For a military forces, a steady reliable supply of fuel is critical to success. Given that, the U.S. Air Force has been investigating the idea of putting a coal-to-liquid facility at Malmstrom Air Force Base in Montana. Coal is readily available in the continental U.S. and being able to economically produce synthetic liquid fuel would be highly beneficial to the military.
China has been moving aggressively to wean itself from reliance on petroleum both because of terrible pollution problems in the big cities like Beijing an Shanghai and because it has few domestic petroleum reserves. Recently the Chinese government has put a lot of emphasis on coal to liquid synthetic petroleum, but now appears to moving away from that path.
Following a conversation with Washington Congressman Jay Inslee, Grist blogger David Roberts set out to distinguish between coal gasification and coal-to-liquid (CTL) production. Inslee believes CTL supporters are engaging in a plot to confuse legislators by positioning CTL under a "clean coal" blanket along with gasification. Roberts admitted he confused the two terms in previous writings, and I'll confess I never realized the dramatic differences. So take a Mike Magda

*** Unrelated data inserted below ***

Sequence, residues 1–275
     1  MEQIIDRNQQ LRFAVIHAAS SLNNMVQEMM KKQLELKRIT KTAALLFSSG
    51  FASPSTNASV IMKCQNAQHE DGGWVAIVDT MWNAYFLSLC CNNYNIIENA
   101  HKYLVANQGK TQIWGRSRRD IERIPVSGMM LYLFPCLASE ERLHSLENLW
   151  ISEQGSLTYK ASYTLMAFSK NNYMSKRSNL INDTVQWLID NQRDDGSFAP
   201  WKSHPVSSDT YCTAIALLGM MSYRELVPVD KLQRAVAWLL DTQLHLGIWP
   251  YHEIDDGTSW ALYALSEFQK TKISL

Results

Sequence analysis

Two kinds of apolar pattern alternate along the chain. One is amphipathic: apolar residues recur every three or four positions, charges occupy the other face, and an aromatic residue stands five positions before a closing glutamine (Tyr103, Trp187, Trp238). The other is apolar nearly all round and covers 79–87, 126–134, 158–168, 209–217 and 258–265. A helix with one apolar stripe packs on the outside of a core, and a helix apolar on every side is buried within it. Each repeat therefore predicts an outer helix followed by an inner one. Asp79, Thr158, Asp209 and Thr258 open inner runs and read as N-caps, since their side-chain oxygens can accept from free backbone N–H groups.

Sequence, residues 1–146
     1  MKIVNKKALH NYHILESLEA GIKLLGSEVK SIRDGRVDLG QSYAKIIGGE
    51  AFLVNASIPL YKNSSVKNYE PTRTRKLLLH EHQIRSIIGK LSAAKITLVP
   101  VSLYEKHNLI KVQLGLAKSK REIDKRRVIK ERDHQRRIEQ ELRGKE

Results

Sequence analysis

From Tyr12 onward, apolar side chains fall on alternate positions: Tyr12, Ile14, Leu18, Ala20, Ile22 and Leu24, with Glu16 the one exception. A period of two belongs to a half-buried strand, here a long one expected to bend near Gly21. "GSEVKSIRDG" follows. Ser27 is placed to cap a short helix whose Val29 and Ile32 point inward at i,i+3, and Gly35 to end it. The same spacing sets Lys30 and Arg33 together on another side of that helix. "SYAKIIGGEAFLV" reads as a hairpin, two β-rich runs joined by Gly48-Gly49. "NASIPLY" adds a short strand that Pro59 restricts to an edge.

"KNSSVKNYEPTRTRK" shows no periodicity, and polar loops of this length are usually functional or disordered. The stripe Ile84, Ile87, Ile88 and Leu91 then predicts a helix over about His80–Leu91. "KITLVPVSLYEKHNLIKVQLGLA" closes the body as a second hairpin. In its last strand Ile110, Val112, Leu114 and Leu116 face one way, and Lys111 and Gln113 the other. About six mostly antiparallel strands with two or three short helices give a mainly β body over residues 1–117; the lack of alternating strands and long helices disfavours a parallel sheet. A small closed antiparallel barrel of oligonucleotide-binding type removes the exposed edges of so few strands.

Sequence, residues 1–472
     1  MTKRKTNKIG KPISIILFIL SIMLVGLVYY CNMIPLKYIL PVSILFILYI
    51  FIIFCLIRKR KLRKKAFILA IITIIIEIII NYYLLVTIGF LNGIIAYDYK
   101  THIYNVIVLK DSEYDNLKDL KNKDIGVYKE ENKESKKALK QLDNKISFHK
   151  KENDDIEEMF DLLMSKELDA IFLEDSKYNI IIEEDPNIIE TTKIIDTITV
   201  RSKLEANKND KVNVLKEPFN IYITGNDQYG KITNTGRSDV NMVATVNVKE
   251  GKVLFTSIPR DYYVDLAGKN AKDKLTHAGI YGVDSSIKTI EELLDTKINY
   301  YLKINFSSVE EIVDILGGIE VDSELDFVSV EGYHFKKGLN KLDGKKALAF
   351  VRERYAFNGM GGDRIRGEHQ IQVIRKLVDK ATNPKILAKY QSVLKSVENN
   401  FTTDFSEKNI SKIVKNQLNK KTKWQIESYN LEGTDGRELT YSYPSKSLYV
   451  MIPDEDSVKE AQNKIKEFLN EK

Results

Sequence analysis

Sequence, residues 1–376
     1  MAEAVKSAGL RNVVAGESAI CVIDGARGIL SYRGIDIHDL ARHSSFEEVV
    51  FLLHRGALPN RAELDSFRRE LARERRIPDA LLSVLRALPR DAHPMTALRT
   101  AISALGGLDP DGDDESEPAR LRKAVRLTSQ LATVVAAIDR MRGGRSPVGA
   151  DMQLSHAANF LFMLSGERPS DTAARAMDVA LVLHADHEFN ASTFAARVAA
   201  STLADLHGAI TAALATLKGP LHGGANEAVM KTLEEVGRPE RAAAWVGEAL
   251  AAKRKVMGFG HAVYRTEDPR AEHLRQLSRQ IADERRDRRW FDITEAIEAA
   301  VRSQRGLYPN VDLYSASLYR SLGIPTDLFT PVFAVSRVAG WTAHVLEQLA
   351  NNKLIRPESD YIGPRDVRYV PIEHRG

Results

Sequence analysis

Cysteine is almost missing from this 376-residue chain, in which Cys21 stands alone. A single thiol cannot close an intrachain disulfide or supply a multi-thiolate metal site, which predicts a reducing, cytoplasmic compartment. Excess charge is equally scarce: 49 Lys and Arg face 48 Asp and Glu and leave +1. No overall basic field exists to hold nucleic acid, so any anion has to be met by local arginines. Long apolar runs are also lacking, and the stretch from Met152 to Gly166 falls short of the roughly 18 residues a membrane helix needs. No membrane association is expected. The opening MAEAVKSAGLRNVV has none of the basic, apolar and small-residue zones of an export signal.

Over at EcoGeek, Hank Green has a response to the recent MSNBC/Newsweek article about liquefied coal. Coal-to-liquid fuel is very controversial topic because the United States has huge quantities of coal in the ground, and it's relatively cheap to extract, at least compared to most other options. The problem is that coal, like petroleum, is a fossil fuel, which means that
SeekingAlpha investment advisor Charles Morand is maybe, possibly thinking about betting on synfuels, specifically coal-to-liquid (CTL) synfuels made by Headwaters, Syntroleum Corp, Sasol and Rentec. He has a rundown of each company on this page. While the headline reads "Four Stocks to Watch," implying these are good investment opportunities, Morand
Interfax is reporting that a coal liquefaction facility will be built in the Jilin province of north-eastern China, with help from the Japanese company Universe Gas and Oil Co. Reportedly, Universe will spend over $51 million on the facility to produce 500,000 tons per year of what they term clean fuel oil. How clean any coal based project can be is debatable, but the plant will be using coal from local mines. Comp
I don't like the wording in Slate's headline for this great story on the Fischer-Tropsch coal-to-liquid process (is it really "one of the world's most exciting new fuel sources"? Is it really even new if it was developed in the 1920s?), but I still encourage you to read the story. The world is a complicated place, and Daniel Gross' investigation of how Fischer-Tropsch moved from Nazi synthfuel to the fuel of choice for South Africa's state